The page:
Journal 11

This semester, besides the Social Psychology class, I also took the Experimental Method and Statistics in Bryn Mawr, as it was one of the major requirement courses. Since it was a really big class, therefore we had about 15 people in each lab sessions. One of the assignments we had to finish as a whole group was that we needed to actually run an experiment and then report the whole process and results to the class together. We wre divided into 2 groups: one was the replication group that took charge in doing a same experiment as in the study we picked; the other one was the extension group, which proposed a new hypothesis related to the original one and designed a new experiment to test the hypothesis. I was one of the 8 people who were in the extension group. After the TA told us the process of doing the tasks, we simply created a Google doc in the end of our lab so that everyone could edit and work together on our project. However, things didn’t go on very smoothly. Everyone including me seemed to procrastinate on our work, and the Google doc even left blank several hours before our deadline. In our next lab, the TA told us that professor of this class would grade our presentation of the project based on our evaluation of each other. Once being told this piece of information, everyone seemed to become dedicated to the work, and we finished our second draft on the Google doc right after we came back from the lab.

To see this change from a psychology perspective, we can see how social loafing works here. Social loafing refers to tendency that individuals put less effort when putting into a group, and the more people in the group, the less effort everyone would like to contribute. In this example, since we had 8 people in one group and we worked together on one document instead of assigning part of the work to each one, everyone might think like “I didn’t need to put much effort in it, other group members would do more”. As a result, efficiency of the group was decreased. However, we have learned in class that one of the methods to combat social loafing was to create personal accountability. Just as shown in the example, when we were told that our grade would be based on evaluation of other group members, we knew that if we didn’t take responsibility to this project, we would be rated low and finally affected the final grade. Therefore, everyone in the group became high-efficiency and dedicated to this project.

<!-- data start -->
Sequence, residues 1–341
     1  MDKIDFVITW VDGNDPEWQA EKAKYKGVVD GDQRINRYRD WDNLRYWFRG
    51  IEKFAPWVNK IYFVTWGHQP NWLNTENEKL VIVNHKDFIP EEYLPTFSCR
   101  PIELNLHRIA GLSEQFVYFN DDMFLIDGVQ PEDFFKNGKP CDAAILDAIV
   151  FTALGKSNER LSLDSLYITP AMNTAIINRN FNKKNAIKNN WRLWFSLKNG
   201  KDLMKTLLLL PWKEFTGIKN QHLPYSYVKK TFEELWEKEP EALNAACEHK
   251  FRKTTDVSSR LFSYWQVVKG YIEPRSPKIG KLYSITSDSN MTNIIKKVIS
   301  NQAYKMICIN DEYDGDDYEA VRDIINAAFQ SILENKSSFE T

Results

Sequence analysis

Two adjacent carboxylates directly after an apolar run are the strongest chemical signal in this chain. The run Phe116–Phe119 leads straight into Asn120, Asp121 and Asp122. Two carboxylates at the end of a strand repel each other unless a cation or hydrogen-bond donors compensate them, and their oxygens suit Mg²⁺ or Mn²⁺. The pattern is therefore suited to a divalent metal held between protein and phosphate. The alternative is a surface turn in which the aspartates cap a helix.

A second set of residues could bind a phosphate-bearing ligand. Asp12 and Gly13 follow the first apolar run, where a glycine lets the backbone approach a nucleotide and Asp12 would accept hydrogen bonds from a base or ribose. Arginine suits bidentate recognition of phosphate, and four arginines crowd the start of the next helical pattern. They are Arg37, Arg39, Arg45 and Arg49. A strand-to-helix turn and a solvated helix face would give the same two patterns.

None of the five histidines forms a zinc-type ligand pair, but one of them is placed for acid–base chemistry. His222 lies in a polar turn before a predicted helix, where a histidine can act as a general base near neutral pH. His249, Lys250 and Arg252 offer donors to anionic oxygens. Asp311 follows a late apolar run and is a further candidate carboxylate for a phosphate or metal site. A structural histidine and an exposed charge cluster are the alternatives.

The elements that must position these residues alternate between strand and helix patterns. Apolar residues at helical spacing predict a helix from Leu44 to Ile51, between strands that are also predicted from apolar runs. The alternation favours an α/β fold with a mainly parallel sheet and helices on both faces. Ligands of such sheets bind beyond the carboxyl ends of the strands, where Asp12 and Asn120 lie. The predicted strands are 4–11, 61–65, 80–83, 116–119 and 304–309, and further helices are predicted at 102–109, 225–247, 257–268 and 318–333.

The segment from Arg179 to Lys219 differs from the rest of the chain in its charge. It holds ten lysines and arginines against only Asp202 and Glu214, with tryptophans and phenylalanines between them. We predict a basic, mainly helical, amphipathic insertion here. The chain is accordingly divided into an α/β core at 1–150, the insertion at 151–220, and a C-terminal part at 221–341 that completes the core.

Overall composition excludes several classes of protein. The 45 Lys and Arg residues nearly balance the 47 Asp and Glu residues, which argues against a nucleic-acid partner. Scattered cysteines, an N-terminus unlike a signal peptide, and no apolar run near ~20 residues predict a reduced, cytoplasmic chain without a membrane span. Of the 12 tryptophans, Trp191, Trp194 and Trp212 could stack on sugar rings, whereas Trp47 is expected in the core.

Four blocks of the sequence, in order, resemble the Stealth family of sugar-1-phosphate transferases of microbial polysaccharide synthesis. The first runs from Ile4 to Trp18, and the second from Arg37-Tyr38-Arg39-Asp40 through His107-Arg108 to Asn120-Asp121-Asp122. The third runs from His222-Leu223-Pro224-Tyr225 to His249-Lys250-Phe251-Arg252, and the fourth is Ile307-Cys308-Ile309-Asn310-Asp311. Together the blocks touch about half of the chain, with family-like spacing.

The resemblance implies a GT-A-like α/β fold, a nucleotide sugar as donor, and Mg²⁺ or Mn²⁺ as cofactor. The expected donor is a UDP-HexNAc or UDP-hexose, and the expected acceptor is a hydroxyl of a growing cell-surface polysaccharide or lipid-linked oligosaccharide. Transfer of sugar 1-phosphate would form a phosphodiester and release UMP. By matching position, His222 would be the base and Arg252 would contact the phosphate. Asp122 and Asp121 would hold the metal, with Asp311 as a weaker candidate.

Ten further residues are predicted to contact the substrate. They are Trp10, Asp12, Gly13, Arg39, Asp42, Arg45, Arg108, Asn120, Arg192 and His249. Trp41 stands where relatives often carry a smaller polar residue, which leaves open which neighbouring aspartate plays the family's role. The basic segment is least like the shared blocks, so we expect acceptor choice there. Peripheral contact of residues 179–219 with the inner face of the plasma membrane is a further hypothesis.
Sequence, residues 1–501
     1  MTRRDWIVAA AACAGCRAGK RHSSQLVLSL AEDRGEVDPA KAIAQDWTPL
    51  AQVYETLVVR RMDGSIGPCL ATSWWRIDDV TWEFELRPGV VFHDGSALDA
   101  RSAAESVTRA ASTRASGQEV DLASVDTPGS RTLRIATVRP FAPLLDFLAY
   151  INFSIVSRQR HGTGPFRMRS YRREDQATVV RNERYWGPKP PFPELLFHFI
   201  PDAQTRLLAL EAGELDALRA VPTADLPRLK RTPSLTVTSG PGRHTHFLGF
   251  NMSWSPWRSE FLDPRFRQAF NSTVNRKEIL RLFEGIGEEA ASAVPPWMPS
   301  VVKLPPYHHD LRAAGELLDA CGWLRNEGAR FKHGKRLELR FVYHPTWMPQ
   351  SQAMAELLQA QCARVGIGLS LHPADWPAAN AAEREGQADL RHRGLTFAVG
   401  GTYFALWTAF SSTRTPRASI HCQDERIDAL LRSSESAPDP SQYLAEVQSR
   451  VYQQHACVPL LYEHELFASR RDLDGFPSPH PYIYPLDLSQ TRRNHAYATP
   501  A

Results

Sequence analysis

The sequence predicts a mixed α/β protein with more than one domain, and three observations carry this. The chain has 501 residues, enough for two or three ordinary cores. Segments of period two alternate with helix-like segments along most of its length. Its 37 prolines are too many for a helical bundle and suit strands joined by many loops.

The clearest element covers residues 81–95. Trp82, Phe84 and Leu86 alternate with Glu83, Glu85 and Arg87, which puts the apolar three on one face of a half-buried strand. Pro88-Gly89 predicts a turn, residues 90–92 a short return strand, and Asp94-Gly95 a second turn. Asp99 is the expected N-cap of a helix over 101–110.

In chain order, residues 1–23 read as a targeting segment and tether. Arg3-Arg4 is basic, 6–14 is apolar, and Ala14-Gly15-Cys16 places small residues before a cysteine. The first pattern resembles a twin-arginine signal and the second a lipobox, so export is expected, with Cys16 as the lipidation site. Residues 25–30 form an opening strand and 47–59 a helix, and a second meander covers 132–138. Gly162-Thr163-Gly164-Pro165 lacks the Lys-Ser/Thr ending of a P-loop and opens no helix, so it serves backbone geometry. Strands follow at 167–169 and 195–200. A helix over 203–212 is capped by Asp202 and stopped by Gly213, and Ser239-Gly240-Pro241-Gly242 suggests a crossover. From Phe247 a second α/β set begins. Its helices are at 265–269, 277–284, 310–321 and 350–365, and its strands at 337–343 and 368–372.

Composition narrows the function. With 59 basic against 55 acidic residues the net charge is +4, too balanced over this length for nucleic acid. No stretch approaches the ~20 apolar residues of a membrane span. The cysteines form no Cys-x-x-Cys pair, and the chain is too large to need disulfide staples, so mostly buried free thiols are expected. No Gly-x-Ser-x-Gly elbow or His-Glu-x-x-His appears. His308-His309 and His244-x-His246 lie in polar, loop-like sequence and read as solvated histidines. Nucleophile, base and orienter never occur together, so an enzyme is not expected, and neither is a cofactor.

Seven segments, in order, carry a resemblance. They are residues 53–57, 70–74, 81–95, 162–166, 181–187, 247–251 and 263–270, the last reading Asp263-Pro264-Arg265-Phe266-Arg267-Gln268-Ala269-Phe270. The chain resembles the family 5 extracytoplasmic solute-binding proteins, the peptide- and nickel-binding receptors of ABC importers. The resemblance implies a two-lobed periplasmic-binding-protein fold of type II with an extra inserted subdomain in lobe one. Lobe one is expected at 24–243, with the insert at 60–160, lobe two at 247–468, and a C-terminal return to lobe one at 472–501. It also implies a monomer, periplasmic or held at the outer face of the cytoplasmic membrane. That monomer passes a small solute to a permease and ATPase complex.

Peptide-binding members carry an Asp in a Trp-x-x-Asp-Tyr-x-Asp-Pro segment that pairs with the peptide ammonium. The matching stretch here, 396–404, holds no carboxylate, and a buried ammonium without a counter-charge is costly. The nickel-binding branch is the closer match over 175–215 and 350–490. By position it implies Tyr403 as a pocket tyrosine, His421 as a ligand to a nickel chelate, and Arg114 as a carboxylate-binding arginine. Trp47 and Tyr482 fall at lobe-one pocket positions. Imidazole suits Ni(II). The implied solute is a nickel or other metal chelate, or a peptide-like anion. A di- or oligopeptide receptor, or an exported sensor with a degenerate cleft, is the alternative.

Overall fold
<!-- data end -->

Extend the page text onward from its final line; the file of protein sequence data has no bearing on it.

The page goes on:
Though we now finish our project successfully, we experienced a tough time of doing work overnight because of our inefficiency at first. If we could realize the occurrence of social loafing and the methods to deal with it, it wouldn’t be that tough in the end. For example, if we could assign part of the work to each other instead of working together, since each one took responsibility of their part, social loafing would decrease. Moreover, if we could divide our 8 people group into smaller group like group of 2, because of the small group size, social loafing could also be reduced.

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